Austin is braced for the annual onslaught of makers and marketers, techies and creatives; the South by Southwest Conference and Festivals opens March 9 with SXSW interactive, the festival dedicated to digital media.
Like past years, the festivals will include the usual assortment of luminaries and experts on topics serious or not. The festival likes to stay true to its “Keep Austin Weird” origins. It includes panels on remaking cities and reinventing government along with morning yoga and a “build-your-vibrator workshop.”
The experience can be a bit overwhelming, but a few themes stand out.
AI, VR, etc.: It should be no surprise that an event with “Interactive” in its title should feature a lot of new technologies. Companies like Twitter first began making noises at SXSW and FourSquare was even introduced at the festival. This year’s interactive festival will feature a blockchain prominently, but the buzzwords of last year, artificial intelligence and virtual reality, are still going strong in the program.
But the human factor will also be represented in force, with a number of events focused on inclusion and diversity, touching on movements from #metoo to #blacklivesmatter and more. SXSW is hosting several political candidate training sessions for aspirants for public office, as well as a whole raft of panels on increasing diversity and remaking the workplace.
Big talk, big names: Keynote sessions this year include Bernie Sanders on Friday March 9, Arnold Schwarzenegger March 10, Melinda Gates March 11 and London Mayor Saadiq Khan on March 12. But there will be plenty of other top names in the programs: newsman Dan Rather, writer Ta-Nehishi Coates and filmmaker Spike Lee, among others.
Panel sessions will touch on themes from “Is Machine Learning Worth the Hype” (with panelists from iRobot Corp., Harvard University and TripAdvisor) to panelists from Google discussing “Making Technology Adapt to Us” to the “SXSW Report on Trust, Government, Tech and Media” with Rather, Edelman Founder Richard Edelman and WP Engine CEO Heather Brunner.
Lots of walking, lots of lines: The festival has mushroomed from a music-industry curiosity at its beginnings 30 years ago into a massive affair that shuts down Austin’s downtown. Shuttles ferry attendees around the venues, but with more than 421,000 passing through Austin in the ten days of SXSW, it can be faster to walk.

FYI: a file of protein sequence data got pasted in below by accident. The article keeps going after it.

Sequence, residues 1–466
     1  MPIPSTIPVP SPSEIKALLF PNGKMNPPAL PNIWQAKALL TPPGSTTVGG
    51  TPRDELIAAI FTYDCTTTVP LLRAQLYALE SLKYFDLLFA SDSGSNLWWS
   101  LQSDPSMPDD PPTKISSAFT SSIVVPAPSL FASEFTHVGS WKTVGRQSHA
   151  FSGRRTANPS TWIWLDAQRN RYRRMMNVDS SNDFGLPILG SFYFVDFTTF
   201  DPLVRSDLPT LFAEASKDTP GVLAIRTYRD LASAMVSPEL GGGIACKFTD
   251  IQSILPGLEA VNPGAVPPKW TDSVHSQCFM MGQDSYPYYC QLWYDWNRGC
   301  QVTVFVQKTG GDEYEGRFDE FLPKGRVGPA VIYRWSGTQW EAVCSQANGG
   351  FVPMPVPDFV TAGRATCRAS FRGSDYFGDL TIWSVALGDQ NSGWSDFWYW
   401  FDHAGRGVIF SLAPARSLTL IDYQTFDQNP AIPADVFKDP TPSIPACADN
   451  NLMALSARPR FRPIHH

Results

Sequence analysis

Lines are a fact of life at SXSW, with audiences for popular events often overflowing the venues. Participants have to be prepared to arrive early and wait. The organizers have responded by adding “encore sessions” of popular panels and live streaming many sessions.
Parties and pop-ups: SXSW’s film track began as an indie filmmaker showcase and still highlights independent film, but it also has become a major opportunity for media and entertainment companies to tout major projects. HBO is turning a local venue into a simulated environment of its show Westworld and Pinterest has its own Pinterest House, and will host panels on marketing and AI and how to tap into consumers’ brains, among other topics.
All kinds of marketers have large activations at SXSW. Panasonic will host events at Panasonic House to showcase IoT and digital technologies, including panels on the next industrial revolution and “100 Innovative Ideas for the next 100 Years.” Meanwhile, Dell will host The Experience, a program of demos, entertainment and presentations on topics from AI and VR to the Valiente Awards to fearless marketers.
Velocitize will also be at SXSW, covering the action and interviewing speakers and participants. Come back for more from SXSW and let us know your thoughts on Twitter @VelocitizePub!